National Weather Service United States Department of Commerce

Heavy rain and flash flooding possible in portions of the Southwest this weekend

An upper-level low in the Southwest U.S. will act as a trigger for thunderstorms this weekend. The area of greatest concern is in New Mexico, southeast Utah and portions of southern Colorado. Storms will be slow moving and could bring several rounds of rain to the same areas. Rainfall amounts may exceed 3 inches in localized areas. Flash Flood Watches are in effect. Read More >

Percentile JAN FEB MAR APR MAY JUN JUL AUG SEP OCT NOV DEC
Max X X X X X X X X X X X X
99th X X X X X X X X X X X X
75th X X X X X X X X X X X X
50th X X X X X X X X X X X X
25th X X X X X X X X X X X X
+2sd X X X X X X X X X X X X
+3sd X X X X X X X X X X X X

Methodology

These plots are produced from data compiled by Matt Bunkers at WFO Rapid City

The Storm Prediction Center produces precipitable water climatology for each sounding location.

The gridded precipitable water plots (above) were created for the maximum, 99th percentile, 75th percentile, 50th percentile, and +2SD values.  A separate GIS point shapefile was created for each of these categories, based on the latitude/longitude values of the sounding locations for each month.  The point shapefiles were then interpolated to the gridded raster format using the following specifications:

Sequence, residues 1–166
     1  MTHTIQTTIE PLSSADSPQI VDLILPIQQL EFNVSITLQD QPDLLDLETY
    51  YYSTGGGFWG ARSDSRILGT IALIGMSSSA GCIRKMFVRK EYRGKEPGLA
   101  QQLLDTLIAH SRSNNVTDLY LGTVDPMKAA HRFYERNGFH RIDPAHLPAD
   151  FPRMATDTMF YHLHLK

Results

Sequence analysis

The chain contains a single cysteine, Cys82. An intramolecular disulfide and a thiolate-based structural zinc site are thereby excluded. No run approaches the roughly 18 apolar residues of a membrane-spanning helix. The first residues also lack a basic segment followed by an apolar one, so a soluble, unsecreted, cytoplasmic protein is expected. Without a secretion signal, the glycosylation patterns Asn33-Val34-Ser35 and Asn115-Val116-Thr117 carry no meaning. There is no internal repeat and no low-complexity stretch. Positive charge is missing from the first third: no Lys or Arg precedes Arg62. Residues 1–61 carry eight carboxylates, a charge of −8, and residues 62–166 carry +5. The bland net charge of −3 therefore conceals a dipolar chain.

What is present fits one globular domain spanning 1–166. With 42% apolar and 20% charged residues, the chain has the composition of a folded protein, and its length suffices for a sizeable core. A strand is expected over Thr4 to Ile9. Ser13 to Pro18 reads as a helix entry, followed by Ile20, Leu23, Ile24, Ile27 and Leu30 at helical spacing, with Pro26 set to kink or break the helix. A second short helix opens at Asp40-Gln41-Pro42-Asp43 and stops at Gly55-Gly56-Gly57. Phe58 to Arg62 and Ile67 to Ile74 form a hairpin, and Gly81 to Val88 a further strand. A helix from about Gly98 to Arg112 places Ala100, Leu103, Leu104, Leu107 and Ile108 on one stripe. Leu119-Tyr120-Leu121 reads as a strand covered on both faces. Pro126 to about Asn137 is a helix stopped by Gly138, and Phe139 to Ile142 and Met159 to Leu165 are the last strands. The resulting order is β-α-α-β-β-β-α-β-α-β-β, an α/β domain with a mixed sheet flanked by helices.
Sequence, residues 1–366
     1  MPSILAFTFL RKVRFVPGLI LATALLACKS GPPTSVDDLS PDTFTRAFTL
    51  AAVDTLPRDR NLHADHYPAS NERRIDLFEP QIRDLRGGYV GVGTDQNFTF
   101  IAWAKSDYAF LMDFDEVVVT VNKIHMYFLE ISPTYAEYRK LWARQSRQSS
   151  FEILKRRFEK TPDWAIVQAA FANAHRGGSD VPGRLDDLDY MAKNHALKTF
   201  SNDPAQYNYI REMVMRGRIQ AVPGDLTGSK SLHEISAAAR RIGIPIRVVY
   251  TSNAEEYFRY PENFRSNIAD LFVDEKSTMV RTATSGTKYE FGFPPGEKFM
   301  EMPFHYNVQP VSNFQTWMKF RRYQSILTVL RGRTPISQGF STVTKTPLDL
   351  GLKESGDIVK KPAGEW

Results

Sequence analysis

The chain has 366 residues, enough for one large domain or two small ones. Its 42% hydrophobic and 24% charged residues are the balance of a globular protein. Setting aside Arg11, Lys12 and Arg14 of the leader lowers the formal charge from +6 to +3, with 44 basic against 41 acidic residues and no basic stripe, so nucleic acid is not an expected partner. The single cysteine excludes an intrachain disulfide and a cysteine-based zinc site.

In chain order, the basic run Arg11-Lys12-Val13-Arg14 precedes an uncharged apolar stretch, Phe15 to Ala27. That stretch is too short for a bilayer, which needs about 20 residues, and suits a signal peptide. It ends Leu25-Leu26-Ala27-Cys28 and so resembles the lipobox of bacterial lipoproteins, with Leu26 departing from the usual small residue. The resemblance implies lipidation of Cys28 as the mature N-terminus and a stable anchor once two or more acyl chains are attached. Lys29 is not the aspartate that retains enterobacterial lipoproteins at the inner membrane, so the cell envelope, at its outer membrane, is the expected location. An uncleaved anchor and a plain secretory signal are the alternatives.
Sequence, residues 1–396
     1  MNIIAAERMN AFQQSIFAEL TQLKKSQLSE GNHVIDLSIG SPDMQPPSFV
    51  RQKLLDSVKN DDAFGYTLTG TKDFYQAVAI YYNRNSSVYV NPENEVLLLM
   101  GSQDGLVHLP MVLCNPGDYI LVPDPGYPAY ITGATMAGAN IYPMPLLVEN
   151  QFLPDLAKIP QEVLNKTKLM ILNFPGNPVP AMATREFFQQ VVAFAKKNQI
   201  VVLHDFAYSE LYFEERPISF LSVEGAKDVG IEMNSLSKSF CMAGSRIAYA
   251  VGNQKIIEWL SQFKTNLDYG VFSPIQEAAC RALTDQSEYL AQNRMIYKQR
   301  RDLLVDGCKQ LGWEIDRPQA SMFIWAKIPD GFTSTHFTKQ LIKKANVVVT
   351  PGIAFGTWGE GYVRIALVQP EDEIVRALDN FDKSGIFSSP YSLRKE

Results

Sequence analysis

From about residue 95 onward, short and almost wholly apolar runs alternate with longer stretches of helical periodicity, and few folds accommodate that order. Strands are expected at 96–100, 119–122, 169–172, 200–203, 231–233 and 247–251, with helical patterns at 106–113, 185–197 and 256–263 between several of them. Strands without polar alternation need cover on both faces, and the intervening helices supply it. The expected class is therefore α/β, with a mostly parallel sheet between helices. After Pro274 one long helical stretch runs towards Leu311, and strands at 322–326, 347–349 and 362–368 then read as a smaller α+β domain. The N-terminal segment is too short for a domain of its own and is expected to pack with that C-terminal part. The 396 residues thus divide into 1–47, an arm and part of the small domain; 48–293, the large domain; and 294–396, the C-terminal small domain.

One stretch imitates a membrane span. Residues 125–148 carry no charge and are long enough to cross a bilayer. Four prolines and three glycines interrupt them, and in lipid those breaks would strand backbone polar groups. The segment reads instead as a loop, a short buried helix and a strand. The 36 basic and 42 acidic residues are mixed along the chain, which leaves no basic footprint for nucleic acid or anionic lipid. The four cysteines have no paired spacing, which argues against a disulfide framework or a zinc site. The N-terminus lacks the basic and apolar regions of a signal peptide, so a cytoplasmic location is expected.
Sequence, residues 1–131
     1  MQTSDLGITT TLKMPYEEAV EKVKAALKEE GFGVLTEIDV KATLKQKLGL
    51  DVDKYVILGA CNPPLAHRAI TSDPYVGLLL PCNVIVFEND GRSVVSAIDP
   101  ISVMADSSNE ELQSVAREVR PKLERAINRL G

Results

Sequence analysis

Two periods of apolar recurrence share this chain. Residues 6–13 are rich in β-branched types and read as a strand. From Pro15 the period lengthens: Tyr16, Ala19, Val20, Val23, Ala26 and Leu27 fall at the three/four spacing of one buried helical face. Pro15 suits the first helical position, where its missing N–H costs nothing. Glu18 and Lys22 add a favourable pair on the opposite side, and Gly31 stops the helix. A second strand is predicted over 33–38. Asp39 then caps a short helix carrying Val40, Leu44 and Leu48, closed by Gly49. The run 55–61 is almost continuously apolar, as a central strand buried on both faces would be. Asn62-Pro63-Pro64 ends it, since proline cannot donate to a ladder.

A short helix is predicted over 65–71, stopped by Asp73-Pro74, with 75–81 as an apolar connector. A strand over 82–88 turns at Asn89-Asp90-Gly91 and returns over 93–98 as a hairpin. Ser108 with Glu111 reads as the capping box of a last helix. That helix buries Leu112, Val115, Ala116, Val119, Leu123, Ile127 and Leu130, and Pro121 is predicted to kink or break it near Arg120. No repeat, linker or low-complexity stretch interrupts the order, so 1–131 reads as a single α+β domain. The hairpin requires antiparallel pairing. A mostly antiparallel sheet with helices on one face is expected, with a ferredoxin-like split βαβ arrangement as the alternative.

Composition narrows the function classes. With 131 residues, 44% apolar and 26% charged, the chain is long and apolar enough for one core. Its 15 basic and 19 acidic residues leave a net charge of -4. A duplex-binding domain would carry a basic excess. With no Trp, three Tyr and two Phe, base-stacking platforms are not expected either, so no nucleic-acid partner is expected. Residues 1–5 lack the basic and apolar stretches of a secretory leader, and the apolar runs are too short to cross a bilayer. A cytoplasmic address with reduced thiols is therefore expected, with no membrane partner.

a)  Kriging interpolation method
   b)  Semivariogram:  Circular
   c)  Number of points:  6
   d)  Grid resolution:  0.1 degrees

Due to increasing uncertainty in interpolated data at increasing distances from the point data source, caution should be used when taking a value from the precipitable water maps. Because of this, the border of the continentual Unites States was used to clip the completed grids.

The data on these plots has changed since the original plots were produced in 2011. This is due to a change in the interpolation method (to a geostatistical technique) as well as the additional of 3 more years of sounding data.


Change Log

The data on these plots has changed since the original plots were produced in 2011. This is due to a change in the interpolation method (to a geostatistical technique) as well as the additional of 3 more years of sounding data.


Attributions

These plots are produced from data compiled by Matt Bunkers at WFO Rapid City

The Storm Prediction Center produces precipitable water climatology for each sounding location.


Contact Information

Questions or comments should be directed to:

Scott.Lincoln@noaa.gov